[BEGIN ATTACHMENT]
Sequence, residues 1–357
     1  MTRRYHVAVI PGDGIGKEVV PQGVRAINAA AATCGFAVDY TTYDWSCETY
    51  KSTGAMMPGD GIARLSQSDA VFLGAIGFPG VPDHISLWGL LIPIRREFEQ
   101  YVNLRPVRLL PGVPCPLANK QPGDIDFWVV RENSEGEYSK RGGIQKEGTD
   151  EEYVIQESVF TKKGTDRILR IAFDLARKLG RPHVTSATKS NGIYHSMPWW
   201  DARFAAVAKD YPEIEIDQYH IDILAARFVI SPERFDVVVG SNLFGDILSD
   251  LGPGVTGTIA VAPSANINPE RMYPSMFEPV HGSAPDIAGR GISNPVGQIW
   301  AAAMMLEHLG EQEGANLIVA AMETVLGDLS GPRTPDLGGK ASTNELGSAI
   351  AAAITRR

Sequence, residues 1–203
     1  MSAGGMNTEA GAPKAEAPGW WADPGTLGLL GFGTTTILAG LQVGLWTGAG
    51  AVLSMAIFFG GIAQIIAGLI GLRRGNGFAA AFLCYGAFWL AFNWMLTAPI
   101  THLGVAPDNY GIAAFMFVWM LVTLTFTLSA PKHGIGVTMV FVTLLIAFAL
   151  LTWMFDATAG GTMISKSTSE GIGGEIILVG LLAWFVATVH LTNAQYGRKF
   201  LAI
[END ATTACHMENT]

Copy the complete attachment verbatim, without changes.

Sequence, residues 1–357
     1  MTRRYHVAVI PGDGIGKEVV PQGVRAINAA AATCGFAVDY TTYDWSCETY
    51  KSTGAMMPGD GIARLSQSDA VFLGAIGFPG VPDHISLWGL LIPIRREFEQ
   101  YVNLRPVRLL PGVPCPLANK QPGDIDFWVV RENSEGEYSK RGGIQKEGTD
   151  EEYVIQESVF TKKGTDRILR IAFDLARKLG RPHVTSATKS NGIYHSMPWW
   201  DARFAAVAKD YPEIEIDQYH IDILAARFVI SPERFDVVVG SNLFGDILSD
   251  LGPGVTGTIA VAPSANINPE RMYPSMFEPV HGSAPDIAGR GISNPVGQIW
   301  AAAMMLEHLG EQEGANLIVA AMETVLGDLS GPRTPDLGGK ASTNELGSAI
   351  AAAITRR

Sequence, residues 1–203
     1  MSAGGMNTEA GAPKAEAPGW WADPGTLGLL GFGTTTILAG LQVGLWTGAG
    51  AVLSMAIFFG GIAQIIAGLI GLRRGNGFAA AFLCYGAFWL AFNWMLTAPI
   101  THLGVAPDNY GIAAFMFVWM LVTLTFTLSA PKHGIGVTMV FVTLLIAFAL
   151  LTWMFDATAG GTMISKSTSE GIGGEIILVG LLAWFVATVH LTNAQYGRKF
   201  LAI